Its maker says that in addition to MIPS protection, “this helmet provides plenty of coverage around the back of the head, specifically for trail-riding activities,” making it both secure and comfortable. Its Spiderlock 4D fit system combines side adjustment mode, with a new mechanism that controls the height at which your helmet will sit, and the Tri Glide PRO strap system allows you to fine-tune the position of the helmet’s straps. The included visor can be adjusted in three different positions for a fully customized setup. With 14 vents and moisture evacuation channels, the Raid provides a welcome cooling effect on hot days. It weighs in at 375 grams and can be purchased in black, red or hi-viz yellow. It does not include a visor. Priced at $99.99, but the same helmet without the MIPS protection is available for less.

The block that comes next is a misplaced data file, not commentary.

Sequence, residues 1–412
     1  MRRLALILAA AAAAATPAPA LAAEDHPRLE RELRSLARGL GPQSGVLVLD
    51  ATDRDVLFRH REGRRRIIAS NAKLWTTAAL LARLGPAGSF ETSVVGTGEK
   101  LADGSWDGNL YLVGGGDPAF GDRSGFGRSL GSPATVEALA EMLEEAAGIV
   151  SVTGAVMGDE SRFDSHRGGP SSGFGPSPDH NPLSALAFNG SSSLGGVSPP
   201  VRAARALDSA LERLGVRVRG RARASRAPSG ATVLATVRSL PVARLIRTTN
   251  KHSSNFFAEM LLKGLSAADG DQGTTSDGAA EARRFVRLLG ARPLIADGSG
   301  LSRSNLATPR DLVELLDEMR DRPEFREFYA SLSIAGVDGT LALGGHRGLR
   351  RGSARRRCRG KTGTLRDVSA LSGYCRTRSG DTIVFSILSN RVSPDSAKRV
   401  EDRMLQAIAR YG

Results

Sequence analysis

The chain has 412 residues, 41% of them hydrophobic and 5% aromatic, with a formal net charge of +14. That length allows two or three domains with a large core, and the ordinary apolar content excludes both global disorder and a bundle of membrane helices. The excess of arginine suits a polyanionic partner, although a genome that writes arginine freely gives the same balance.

Specialized Chamonix MIPS
The Chamonix MIPS is a one-size helmet, “designed for easy and accurate fit to a wide range of head sizes” says Specialized. Its fit system has a micro-adjustable dial for easy, secure, and accurate fit. With MIPS protection and optimal ventilation, the in-molded shell improves strength and reduces weight. Reflective webbing and decals increase visibility in low-light conditions. Straps are easy to adjust. Includes clip-on visor. Helmet is available in black and hi-vis yellow. $75.
Four Stars for concussion protection (VT) and Excellent Impact protection (CR):
Bell Draft MIPS
The Draft road cycling helmet, with MIPS protection, offers a rounded, compact profile that Bell describes as “a nod to modern road style.” The Ergo Fit system offers a slimmed down, easy-to-use dial for simple, one-handed adjustment. Its 25 large air vents and extended in-mold polycarbonate shell make it a cool and comfortable choice at 299 grams. Six colors to choose from. $60 on Bell’s site. As low as $40 elsewhere.